Solve[{12 ==1/a Sqrt[2] \[Sqrt]((a + b + c) (1/2 (a + b + c) - a) (1/2 (a + b + c) - b) (1/2 (a + b + c) - c)), 14 == 1/b Sqrt[2] \[Sqrt]((a + b + c) (1/2 (a + b + c) - a) (1/2 (a + b + c) - b) (1/2 (a + b + c) - c)),
83 == 1/c Sqrt[2] \[Sqrt]((a + b + c) (1/2 (a + b + c) - a) (1/2 (a + b + c) - b) (1/2 (a + b + c) - c)), 12 == (b*c)/(2 R)}, {a, b, c, R}] // N

Only had to try 84 and 83.

bobbym

2013-06-01 22:20:44

Hi;

What is it, please post what you have.

ElainaVW

2013-06-01 22:19:55

I have a different solution.

anonimnystefy

2013-05-31 05:17:45

Okay, see you!

bobbym

2013-05-31 05:02:38

Hi;

Okay, see you later.

anonimnystefy

2013-05-31 04:58:27

Well, it is because a*ha=b*hb=c*hc. From this we can get a:b:c=(1/ha):(1/hb):(1/hc), which means that, if a, b and c can form a triangle, 1/ha, 1/hb and 1/hc must be able to form a triangle as well.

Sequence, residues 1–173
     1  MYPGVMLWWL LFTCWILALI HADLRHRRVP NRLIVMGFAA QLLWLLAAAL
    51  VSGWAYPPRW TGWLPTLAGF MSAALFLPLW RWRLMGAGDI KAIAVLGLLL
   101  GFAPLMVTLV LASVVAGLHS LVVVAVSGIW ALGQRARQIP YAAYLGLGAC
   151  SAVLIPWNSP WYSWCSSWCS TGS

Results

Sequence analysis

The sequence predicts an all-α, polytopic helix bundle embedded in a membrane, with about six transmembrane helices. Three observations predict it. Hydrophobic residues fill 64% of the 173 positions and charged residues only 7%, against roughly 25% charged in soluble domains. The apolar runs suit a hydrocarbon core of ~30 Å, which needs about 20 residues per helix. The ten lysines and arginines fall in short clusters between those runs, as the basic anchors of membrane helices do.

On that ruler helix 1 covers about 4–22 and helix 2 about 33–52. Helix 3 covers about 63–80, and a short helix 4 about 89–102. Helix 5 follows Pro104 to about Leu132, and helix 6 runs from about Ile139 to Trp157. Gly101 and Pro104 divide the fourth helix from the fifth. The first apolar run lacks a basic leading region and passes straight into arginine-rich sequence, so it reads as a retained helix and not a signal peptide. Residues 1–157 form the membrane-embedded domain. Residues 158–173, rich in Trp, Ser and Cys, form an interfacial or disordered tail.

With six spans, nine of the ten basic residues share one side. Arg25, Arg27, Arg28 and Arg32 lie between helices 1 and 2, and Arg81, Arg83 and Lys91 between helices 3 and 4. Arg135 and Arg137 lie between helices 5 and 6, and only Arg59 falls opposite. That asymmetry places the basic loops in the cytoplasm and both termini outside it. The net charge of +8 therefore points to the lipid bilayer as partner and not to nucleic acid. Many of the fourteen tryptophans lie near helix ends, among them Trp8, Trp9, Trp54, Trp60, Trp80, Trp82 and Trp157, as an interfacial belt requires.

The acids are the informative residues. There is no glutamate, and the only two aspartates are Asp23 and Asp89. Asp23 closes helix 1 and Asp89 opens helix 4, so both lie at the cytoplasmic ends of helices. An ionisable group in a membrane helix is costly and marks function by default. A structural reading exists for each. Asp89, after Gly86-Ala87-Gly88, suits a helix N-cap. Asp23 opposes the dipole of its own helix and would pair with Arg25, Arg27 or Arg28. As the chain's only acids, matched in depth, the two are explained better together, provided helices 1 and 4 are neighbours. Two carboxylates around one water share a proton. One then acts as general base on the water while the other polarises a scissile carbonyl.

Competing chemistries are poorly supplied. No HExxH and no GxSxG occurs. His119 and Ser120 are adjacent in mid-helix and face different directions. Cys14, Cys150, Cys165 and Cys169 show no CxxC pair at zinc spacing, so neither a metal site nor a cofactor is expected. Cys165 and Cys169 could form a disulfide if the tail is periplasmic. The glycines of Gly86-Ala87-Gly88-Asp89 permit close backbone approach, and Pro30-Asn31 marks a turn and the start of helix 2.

bobbym

2013-05-31 04:54:38

I do not get it but it works so the problem is done.

anonimnystefy

2013-05-31 04:47:46

Yes, but, as I already said, 1/ha=1/12, 1/hb=1/14 and 1/hc must be length of some triangle in order to be a valid set of altitudes.

bobbym

2013-05-31 04:46:32

What triangle? That inequality is for the sides. You have altitudes there.

anonimnystefy

2013-05-31 04:44:31

The triangle inequality states that 1/hc+1/14>1/12.

bobbym

2013-05-31 04:41:33

Why the minus and not a plus?

anonimnystefy

2013-05-31 04:40:26

What about it?

bobbym

2013-05-31 04:38:33

Okay but what about this?

1/hc>1/12-1/14

anonimnystefy

2013-05-31 04:32:01

Well, I had the fact that the lengths 1/12, 1/14 and 1/hc must form a triangle, where 1/hc is as small as possible. Because of the triangle inequality we have that 1/hc>1/12-1/14=1/84. So, hc<84. The maximum possible length is 83.